Earlier this year the Scottish Government held a consultation into a review of provisions within the Children (Scotland) Act 1995 on parental responsibilities and rights and contact.

As a part of this it asked the question “What steps should be taken to help ensure children continue to have relationships with family members, other than their parents, who are important to them?”.

Amongst those hoping to benefit from any potential future changes in this law are grandparents.

Last week I attended a meeting in the Scottish Parliament of the Cross-Party Group on Children and Young People to discuss the issue of grandparents’ rights, where we heard from many groups advocating for change, including Grandparents Apart UK, Scottish Women’s Aid, Social Work Scotland, Who Cares Scotland, Age Scotland and Children 1st.

On several occasions grandparents in my constituency have contacted me to express difficulties in seeing their grandchildren – for example, in the aftermath of their child’s acrimonious divorce, where custody has been granted to the other parent.

The problem stems from the fact that when the 1995 Act was passed, it established that grandparents do not have an automatic right to see a grandchild, because they are not deemed to have any parental rights and responsibilities.

However, access is not just a one-way street, or solely about the rights of grandparents.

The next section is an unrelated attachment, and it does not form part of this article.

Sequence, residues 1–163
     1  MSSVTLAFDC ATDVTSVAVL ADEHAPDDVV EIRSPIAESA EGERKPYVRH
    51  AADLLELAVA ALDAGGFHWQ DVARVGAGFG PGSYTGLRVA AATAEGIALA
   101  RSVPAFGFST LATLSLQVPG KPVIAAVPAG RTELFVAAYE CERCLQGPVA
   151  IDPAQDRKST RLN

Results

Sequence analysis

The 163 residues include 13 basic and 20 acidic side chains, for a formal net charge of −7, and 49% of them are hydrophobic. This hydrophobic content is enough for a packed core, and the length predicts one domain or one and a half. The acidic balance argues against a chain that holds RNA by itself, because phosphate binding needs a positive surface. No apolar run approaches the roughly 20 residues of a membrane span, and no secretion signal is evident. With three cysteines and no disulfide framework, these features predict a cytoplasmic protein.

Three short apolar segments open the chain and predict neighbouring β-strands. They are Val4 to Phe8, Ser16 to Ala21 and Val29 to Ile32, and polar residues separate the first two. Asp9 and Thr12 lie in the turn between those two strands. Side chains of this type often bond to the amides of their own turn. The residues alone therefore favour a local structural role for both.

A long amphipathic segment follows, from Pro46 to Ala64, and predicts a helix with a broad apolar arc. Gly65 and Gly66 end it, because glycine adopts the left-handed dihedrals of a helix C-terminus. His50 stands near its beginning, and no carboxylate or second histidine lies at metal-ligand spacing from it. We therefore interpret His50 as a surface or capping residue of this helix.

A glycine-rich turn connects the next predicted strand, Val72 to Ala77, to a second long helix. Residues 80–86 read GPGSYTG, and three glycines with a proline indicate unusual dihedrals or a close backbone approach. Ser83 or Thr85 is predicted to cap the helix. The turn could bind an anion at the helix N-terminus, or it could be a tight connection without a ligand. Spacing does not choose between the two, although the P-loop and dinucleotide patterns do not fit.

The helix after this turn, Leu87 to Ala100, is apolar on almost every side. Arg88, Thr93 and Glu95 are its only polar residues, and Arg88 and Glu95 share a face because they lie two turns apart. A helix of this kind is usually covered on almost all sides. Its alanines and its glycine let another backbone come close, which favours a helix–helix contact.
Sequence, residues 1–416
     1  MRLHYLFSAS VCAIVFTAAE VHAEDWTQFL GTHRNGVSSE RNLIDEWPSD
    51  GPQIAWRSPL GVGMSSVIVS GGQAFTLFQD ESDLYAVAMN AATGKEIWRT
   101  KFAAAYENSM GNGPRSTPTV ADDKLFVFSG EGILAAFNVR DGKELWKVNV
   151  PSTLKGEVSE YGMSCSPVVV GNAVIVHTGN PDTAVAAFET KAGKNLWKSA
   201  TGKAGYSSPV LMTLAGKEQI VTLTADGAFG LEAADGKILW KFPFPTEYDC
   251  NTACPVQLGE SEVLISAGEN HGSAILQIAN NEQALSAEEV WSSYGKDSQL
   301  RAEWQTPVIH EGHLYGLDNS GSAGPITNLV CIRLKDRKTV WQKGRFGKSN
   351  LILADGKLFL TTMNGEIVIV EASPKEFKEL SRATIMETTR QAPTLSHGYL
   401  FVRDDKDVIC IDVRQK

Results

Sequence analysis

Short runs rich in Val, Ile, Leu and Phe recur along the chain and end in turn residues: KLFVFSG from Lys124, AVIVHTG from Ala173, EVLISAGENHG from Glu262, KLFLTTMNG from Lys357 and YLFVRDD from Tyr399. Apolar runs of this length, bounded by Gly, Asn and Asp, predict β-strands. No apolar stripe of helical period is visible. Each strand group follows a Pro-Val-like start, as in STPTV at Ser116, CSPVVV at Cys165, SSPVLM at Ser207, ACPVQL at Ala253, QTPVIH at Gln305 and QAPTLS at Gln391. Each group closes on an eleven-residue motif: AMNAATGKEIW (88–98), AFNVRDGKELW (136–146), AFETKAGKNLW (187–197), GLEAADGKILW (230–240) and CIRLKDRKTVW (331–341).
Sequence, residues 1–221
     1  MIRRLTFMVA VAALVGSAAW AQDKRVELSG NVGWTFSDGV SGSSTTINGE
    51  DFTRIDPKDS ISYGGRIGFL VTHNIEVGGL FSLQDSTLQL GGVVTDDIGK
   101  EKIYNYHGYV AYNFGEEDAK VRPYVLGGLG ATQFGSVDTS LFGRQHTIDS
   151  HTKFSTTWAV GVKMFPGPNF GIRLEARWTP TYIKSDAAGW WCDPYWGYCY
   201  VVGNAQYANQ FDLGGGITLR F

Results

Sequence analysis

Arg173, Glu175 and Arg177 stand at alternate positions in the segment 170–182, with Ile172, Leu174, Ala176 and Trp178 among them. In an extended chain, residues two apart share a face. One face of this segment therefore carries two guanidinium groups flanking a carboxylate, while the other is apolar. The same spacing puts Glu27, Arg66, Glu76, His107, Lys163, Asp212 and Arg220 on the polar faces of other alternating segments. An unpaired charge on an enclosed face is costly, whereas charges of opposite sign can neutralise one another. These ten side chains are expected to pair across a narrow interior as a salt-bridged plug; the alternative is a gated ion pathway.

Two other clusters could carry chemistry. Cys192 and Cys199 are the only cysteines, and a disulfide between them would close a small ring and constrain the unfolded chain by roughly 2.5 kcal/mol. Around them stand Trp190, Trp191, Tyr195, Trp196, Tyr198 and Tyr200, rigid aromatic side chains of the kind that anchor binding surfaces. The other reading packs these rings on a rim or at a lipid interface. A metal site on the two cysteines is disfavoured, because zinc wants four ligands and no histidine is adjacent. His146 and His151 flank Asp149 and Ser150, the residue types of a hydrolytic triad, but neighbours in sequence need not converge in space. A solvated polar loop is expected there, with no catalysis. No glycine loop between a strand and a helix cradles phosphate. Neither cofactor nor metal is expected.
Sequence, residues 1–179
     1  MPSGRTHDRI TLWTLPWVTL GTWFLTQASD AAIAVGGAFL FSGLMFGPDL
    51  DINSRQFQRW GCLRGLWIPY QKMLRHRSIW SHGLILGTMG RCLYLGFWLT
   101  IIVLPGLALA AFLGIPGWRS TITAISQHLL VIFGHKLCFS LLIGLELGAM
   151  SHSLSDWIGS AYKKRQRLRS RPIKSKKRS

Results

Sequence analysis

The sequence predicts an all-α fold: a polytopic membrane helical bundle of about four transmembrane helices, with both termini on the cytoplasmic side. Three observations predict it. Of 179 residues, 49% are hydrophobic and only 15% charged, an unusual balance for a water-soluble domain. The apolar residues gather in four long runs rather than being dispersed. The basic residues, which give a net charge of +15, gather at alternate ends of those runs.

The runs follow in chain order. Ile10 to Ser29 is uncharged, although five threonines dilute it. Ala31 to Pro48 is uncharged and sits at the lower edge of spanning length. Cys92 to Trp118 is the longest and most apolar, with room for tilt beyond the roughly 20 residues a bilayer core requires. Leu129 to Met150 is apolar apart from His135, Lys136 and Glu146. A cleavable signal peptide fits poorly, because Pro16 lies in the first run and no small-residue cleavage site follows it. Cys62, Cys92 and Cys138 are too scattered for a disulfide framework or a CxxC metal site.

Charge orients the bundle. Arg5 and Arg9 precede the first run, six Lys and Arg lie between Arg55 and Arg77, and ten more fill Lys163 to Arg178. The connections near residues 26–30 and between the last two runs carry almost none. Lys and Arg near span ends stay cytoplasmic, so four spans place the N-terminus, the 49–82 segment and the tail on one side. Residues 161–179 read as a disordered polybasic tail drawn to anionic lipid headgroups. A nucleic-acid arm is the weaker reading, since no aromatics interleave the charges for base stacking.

Article 8 of the United Nations Rights of the Child also provides that a child has the right to preserve family relations, including those with grandparents.

Research has shown that grandparents can be an important source of support at times of crisis, and that such relationships with their grandchildren can improve the way that children manage their emotions at such difficult times.

A positive, healthy, loving relationship is important for children as they grow up, and their health and well-being should be at the centre of any proposed changes.

The Cross-Party Group will be writing to the Justice Committee to ask that they consider this by listening to the voices of children and young people on the matter in their deliberations.

Equally important for the health of children is their right to be fed.

I recently spent time with volunteers of the Trussell Trust at Tesco in Irvine, collecting donations for the North Ayrshire Foodbank, and continue to be shocked as the scandal of food poverty under the Tories continues to worsen with its roll out of Universal Credit.

Until all welfare powers are fully devolved the Scottish Government will mitigate for Westminster’s failings where it can with its limited capabilities. 

For example, providing money for food clubs in summer, and with plans to introduce an income supplement for low income families, to help lift children out of poverty.

If you can help in the run up to Christmas, please make any foodbank donations that you can through local supermarket collections, or at North Ayrshire Foodbank itself at 150A Glasgow Street in Ardrossan.

For an idea of what to donate, a ‘reverse advent calendar’ offers daily suggestions on the Foodbank’s Facebook page at https://www.facebook.com/NorthAyrshireFoodbank.